Don't forget that if you have lots of presents stacked up in your home your usual level of contents insurance may not be enough so you might want to increase that cover too. And what about travel insurance if you're going away on honeymoon?
Make a list of all the things you want to be covered and shop around until you find the cover that best fits your needs. If you type "wedding insurance" into a search engine you'll find a whole array of sites and comparison sites offering all levels of cover.
I hope all goes terrifically well, you have no reason to claim and you have a great day.
Q I've had a letter from the pension service telling me that I won't get my state pension until 2020. I was expecting to get it much sooner but, because I was born after 6 December 1953, I have to wait. I hadn't realised that I would be affected by changes in the rules and was planning to retire in a couple of years' time. How can I find out what I'm entitled to and whether there's anything else I will be able to claim? Will I just have to keep on working until 2020?
A The rule changes affect men and women who reach state pension age on or after 6 April 2010. Part of the changes means that instead of being able to retire at 60, over the next few years women's state pension age will increase until it matches that of men. The other part of the changes means that everyone's state pension age is going up from 65 to 66 by October 2020 (and later to 67 and then 68), so you are caught out on both counts, having to wait six years longer than you expected.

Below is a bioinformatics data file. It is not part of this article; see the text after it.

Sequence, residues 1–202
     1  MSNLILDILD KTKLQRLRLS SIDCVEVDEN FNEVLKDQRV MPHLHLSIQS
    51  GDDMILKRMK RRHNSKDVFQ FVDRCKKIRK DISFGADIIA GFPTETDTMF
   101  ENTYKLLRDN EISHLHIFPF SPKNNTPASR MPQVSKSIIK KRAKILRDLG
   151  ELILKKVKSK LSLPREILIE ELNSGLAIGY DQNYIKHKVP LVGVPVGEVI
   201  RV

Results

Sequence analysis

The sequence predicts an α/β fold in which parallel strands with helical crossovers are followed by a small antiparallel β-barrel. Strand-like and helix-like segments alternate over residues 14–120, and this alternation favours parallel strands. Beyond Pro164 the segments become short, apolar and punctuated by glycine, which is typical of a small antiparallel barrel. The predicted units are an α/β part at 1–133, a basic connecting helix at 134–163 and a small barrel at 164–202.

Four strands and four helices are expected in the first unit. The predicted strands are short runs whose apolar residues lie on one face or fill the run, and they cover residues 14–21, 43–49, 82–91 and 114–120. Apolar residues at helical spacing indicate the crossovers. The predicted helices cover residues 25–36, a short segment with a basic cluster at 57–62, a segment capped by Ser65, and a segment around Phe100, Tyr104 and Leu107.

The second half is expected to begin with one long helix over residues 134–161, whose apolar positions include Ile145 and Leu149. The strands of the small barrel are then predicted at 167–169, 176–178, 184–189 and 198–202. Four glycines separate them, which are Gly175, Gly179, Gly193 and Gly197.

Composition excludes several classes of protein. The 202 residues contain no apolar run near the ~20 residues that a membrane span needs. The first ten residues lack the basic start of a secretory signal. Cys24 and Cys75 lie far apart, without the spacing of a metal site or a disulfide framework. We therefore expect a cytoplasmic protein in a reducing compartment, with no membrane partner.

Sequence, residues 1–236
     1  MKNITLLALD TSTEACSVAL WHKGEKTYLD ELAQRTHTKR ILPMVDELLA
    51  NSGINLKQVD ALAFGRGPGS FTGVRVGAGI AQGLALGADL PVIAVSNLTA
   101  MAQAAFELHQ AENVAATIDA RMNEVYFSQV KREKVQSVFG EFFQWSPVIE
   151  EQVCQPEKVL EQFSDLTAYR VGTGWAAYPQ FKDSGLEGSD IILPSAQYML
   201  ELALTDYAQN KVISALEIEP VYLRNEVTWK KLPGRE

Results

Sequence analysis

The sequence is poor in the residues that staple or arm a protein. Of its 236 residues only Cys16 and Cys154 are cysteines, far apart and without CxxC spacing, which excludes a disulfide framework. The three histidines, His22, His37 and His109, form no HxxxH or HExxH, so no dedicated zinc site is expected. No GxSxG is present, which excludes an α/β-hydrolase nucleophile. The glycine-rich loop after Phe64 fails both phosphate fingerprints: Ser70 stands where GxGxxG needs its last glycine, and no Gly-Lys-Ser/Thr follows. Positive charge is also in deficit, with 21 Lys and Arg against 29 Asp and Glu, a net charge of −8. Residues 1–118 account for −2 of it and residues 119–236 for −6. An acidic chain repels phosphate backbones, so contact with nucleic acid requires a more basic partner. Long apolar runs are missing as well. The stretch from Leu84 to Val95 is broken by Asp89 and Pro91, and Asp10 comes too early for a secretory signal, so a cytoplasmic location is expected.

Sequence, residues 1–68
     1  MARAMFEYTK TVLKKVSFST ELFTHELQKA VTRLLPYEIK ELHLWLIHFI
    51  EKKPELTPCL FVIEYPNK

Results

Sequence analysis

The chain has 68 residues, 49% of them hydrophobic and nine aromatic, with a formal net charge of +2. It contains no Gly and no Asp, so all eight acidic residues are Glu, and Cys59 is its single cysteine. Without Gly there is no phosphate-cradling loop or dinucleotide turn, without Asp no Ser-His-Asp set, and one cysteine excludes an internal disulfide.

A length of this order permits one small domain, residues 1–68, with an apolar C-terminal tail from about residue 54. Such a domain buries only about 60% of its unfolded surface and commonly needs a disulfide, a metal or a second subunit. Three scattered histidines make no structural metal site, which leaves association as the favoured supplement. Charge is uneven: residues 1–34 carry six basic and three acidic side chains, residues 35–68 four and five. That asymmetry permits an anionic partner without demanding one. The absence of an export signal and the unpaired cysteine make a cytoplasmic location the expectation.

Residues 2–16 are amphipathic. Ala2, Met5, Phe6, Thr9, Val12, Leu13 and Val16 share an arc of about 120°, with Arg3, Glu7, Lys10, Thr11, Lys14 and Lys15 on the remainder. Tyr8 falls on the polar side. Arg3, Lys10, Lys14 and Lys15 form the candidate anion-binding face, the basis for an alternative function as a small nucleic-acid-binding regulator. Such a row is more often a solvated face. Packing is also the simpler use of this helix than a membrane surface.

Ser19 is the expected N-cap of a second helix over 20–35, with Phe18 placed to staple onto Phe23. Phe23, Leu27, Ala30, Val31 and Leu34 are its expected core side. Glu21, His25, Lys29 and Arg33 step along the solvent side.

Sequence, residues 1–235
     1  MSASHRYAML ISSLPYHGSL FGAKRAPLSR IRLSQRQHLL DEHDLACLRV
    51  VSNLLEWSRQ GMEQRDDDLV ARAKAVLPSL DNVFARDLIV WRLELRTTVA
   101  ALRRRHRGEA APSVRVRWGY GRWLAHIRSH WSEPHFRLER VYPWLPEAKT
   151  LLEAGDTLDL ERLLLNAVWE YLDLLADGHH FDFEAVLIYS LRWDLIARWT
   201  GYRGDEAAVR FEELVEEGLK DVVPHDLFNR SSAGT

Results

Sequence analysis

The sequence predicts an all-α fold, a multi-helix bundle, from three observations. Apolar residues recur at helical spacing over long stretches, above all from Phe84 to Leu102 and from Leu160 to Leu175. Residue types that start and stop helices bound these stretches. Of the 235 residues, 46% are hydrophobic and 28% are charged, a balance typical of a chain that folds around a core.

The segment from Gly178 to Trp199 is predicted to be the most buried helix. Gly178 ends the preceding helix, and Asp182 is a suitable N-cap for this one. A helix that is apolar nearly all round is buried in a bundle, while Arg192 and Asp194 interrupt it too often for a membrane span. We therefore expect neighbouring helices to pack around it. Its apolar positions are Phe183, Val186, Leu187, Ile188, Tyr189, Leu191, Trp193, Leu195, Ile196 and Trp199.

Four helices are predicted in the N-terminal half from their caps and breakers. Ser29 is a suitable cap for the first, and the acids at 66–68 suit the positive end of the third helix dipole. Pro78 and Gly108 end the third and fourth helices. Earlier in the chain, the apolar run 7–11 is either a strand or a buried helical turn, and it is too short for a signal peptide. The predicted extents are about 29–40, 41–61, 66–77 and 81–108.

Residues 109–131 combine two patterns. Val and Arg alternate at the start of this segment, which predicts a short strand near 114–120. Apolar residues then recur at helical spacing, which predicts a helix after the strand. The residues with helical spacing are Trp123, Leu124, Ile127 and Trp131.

Don't forget though that that is just the age at which you become entitled to a state pension. If you can afford to you can stop work at any time you like. If you don't want to stop work you can claim your state pension or defer it and carry on working much longer. If you delay claiming your state pension you may get more money each month at a later date.
The first thing is to find out how much you will be entitled to when you do reach state pension age. You can do that by asking for a pension forecast at www.directgov.uk/pensionforecast or call 0845 3000168.